Whitehead Institute researchers have created the first information-rich genotype-phenotype map that reveals a multidimensional portrait of gene and cellular function. By performing genome-scale Perturb-seq (CRISPR-based screens with single-cell RNA-sequencing readouts) targeting all expressed genes in millions of human cells, Jonathan Weissman, PhD, and colleagues have mapped the transcriptional effects of genetic perturbations to predict the function of genes at genome-scale.

This research presents a blueprint for constructing and analyzing rich genotype-phenotype maps to serve as a driving force for systematically exploring genetic and cellular functions. “I think this dataset is going to enable all sorts of analyses that we haven’t even thought up yet by people who come from other parts of biology, and suddenly they just have this available to draw on,” said Tom Norman, PhD, former Weissman Lab postdoc and a co-senior author of the paper.

The findings were published in Cell in a paper titled, “Mapping information-rich genotype-phenotype landscapes with genome-scale Perturb-seq.” The data is available for other scientists to utilize on the Weissman Lab website.

There are few questions more fundamental to genetics and other fields of biology than, “What is the function of every gene?” Researchers have chipped away at this problem for decades, first by dissecting individual genes to more recent advances with genome-wide approaches like Perturb-seq, albeit at limited scales.

“We often take all the cells where ‘gene X’ is knocked down and average them together to look at how they changed,” said Weissman, a professor of biology at Massachusetts Institute of Technology (MIT) and investigator with the Howard Hughes Medical Institute. “But sometimes when you knock down a gene, different cells that are losing that same gene behave differently, and that behavior may be missed by the average.”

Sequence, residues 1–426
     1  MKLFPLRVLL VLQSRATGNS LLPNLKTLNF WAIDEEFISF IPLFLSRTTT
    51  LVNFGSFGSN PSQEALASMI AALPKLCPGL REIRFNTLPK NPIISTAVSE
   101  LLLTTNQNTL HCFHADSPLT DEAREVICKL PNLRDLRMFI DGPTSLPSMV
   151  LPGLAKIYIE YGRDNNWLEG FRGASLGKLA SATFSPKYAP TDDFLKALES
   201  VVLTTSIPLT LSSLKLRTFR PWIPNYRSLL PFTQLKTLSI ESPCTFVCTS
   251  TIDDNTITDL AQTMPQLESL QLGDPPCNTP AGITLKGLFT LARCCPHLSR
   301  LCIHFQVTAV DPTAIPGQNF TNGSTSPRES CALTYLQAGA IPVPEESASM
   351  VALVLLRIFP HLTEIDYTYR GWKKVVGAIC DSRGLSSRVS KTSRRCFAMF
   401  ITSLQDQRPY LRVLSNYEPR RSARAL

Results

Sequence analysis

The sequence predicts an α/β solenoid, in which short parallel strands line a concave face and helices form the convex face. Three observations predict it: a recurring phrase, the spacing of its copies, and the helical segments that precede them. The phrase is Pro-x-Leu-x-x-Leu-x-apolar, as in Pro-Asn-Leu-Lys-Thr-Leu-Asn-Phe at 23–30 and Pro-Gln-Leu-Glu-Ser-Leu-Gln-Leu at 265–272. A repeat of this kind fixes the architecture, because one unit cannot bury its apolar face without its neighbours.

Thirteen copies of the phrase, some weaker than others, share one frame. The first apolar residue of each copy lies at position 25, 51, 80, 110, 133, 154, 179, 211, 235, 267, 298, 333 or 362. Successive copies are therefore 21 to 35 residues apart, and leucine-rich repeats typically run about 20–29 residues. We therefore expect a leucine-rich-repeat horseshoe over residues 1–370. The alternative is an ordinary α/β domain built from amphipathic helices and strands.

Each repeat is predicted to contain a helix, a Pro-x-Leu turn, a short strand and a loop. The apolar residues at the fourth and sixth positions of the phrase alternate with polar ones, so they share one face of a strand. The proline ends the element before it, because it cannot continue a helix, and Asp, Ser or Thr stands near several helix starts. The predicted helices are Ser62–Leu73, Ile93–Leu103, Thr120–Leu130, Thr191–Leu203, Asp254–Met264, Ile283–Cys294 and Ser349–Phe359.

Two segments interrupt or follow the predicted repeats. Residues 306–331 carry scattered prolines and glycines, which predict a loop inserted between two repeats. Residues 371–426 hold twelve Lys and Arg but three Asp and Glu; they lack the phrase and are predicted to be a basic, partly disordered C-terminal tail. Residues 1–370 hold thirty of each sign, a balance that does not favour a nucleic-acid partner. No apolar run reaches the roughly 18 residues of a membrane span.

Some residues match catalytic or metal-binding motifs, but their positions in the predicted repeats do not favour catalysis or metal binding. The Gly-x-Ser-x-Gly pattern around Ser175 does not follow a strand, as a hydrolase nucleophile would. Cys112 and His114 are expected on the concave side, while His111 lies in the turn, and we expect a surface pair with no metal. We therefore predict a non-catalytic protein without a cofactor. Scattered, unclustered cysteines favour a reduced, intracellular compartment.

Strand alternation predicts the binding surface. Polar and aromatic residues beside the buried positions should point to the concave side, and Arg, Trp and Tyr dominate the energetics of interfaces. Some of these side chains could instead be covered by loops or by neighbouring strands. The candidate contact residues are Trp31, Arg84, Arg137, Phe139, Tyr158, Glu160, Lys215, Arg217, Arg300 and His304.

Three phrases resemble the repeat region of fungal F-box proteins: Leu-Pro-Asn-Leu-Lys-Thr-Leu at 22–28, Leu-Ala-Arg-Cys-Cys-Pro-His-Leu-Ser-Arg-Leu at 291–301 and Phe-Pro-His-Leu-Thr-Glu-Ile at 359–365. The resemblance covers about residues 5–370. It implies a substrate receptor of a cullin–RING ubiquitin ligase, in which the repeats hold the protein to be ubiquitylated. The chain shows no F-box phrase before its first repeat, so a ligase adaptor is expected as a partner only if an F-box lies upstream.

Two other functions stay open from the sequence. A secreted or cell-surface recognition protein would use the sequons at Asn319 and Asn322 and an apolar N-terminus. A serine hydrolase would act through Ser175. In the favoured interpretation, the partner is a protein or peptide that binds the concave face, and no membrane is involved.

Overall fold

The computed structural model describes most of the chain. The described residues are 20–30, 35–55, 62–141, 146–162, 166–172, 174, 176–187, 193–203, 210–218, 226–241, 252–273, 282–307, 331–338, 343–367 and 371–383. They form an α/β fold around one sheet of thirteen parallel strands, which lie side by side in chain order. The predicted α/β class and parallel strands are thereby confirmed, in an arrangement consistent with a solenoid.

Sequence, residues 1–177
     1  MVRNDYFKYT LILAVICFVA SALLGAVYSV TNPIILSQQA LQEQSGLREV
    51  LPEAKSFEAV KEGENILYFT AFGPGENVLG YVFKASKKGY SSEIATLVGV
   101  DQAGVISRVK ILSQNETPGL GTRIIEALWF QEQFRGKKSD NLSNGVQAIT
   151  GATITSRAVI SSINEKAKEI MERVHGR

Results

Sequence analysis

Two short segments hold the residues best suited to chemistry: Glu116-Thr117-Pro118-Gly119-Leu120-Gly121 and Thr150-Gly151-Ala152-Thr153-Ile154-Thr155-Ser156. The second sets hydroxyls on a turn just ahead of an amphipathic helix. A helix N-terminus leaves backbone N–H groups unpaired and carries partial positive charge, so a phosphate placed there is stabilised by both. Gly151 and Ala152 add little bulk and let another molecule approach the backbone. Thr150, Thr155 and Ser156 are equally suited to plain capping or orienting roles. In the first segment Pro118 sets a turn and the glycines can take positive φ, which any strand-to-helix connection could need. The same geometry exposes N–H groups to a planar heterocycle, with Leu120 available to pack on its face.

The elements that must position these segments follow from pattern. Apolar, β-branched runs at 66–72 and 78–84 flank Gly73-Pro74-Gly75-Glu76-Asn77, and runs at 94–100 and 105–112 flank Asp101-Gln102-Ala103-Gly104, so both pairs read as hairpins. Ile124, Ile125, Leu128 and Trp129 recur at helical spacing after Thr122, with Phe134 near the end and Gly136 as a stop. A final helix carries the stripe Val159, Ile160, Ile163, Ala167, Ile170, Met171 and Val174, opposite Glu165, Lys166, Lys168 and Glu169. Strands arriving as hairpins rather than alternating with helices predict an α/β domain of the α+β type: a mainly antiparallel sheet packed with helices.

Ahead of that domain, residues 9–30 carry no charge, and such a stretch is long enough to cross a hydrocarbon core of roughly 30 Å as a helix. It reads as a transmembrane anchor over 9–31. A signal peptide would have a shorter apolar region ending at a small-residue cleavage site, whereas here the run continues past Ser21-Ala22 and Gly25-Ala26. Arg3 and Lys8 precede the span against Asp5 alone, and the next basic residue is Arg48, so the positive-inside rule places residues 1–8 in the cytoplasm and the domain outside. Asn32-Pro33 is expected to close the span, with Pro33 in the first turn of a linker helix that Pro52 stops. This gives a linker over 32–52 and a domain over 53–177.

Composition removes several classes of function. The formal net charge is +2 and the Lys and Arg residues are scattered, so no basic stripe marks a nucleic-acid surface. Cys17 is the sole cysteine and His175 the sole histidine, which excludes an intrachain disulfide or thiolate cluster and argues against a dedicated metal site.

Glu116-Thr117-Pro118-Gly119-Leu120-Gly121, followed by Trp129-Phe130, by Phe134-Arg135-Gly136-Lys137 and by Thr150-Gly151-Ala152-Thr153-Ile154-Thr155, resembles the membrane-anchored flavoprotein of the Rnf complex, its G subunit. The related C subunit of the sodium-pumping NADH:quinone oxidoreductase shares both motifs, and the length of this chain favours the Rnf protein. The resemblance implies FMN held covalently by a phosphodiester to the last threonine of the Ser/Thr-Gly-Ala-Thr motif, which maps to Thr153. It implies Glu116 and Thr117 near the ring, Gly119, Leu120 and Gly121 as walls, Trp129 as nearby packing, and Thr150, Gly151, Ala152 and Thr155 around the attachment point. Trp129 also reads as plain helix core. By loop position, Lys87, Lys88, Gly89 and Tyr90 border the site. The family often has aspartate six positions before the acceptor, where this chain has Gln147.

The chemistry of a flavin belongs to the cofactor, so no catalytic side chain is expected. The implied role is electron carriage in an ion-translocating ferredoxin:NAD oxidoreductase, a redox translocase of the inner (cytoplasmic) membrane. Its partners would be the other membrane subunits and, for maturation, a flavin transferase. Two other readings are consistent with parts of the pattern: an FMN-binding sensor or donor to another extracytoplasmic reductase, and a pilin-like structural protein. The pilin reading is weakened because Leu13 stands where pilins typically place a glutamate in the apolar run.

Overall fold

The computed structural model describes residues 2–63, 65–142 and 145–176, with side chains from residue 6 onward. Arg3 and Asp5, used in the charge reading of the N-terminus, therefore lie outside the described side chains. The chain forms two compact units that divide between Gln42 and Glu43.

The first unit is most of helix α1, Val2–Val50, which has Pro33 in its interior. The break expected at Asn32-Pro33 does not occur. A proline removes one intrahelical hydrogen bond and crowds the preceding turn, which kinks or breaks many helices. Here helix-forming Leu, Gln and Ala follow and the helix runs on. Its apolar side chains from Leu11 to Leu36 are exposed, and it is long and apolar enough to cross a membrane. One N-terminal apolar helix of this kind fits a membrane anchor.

The Whitehead researchers turned this concept on its head, using Perturb-seq to reveal a multidimensional portrait of cellular behavior, gene function, and regulatory networks. The massive Perturb-seq map was made possible by foundational work from Joseph Replogle, an MD-PhD student in Weissman’s lab and co-first author of the present paper.

The comprehensive genotype-phenotype maps enabled the discovery of gene functions and dissection of cellular phenotypes—from RNA splicing to differentiation to chromosomal instability (CIN). This approach paved the way for the first genome-wide screen of factors that are required for the correct segregation of DNA. In this way, Norman said that this approach is highly applicable to studying aneuploidy study because it captures a phenotype that you can only get using a single-cell readout.

The genome-phenotype maps were able to pry open the longstanding question of why mitochondria still have their own DNA. The analysis revealed how nuclear and mitochondrial DNA are coordinated and regulated in different cellular conditions, especially when a cell is stressed. “A big-picture takeaway from our work is that one benefit of having a separate mitochondrial genome might be having localized or very specific genetic regulation in response to different stressors,” said Replogle.

These findings are only the beginning of what could be revealed by these genotype-phenotype maps, a massive resource that enables researchers to go in and do discovery-based research. Weissman said, “Rather than defining ahead of time what biology you’re going to be looking at, you have this map of the genotype-phenotype relationships, and you can go in and screen the database without having to do any experiments.”

To conclude the article, Weissman and colleagues emphasized that single-cell CRISPR screens require only a fraction of the number of cells used by other approaches and thus are well suited to the study of iPSC-derived cells and in vivo samples. At present, the major limitation of single-cell CRISPR screens is cost. To this point, the last experiments of the study involved sequencing some of the genome-scale libraries on a lower-cost, ultra-high throughput sequencing platform developed by Ultima Genomics, generating results equivalent to those sequenced on Illumina instruments.